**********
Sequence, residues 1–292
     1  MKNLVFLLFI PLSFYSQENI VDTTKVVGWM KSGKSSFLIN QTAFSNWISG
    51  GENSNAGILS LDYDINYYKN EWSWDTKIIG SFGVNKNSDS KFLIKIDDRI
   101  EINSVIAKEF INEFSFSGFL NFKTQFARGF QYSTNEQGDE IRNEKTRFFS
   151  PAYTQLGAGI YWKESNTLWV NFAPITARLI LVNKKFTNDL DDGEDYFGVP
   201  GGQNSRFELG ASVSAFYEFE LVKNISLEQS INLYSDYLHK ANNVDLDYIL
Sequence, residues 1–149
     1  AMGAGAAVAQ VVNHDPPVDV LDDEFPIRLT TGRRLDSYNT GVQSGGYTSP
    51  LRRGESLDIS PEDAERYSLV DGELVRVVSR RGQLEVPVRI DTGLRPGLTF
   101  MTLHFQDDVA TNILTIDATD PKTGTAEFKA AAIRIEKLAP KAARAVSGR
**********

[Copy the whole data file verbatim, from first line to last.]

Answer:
Sequence, residues 1–292
     1  MKNLVFLLFI PLSFYSQENI VDTTKVVGWM KSGKSSFLIN QTAFSNWISG
    51  GENSNAGILS LDYDINYYKN EWSWDTKIIG SFGVNKNSDS KFLIKIDDRI
   101  EINSVIAKEF INEFSFSGFL NFKTQFARGF QYSTNEQGDE IRNEKTRFFS
   151  PAYTQLGAGI YWKESNTLWV NFAPITARLI LVNKKFTNDL DDGEDYFGVP
   201  GGQNSRFELG ASVSAFYEFE LVKNISLEQS INLYSDYLHK ANNVDLDYIL
Sequence, residues 1–149
     1  AMGAGAAVAQ VVNHDPPVDV LDDEFPIRLT TGRRLDSYNT GVQSGGYTSP
    51  LRRGESLDIS PEDAERYSLV DGELVRVVSR RGQLEVPVRI DTGLRPGLTF
   101  MTLHFQDDVA TNILTIDATD PKTGTAEFKA AAIRIEKLAP KAARAVSGR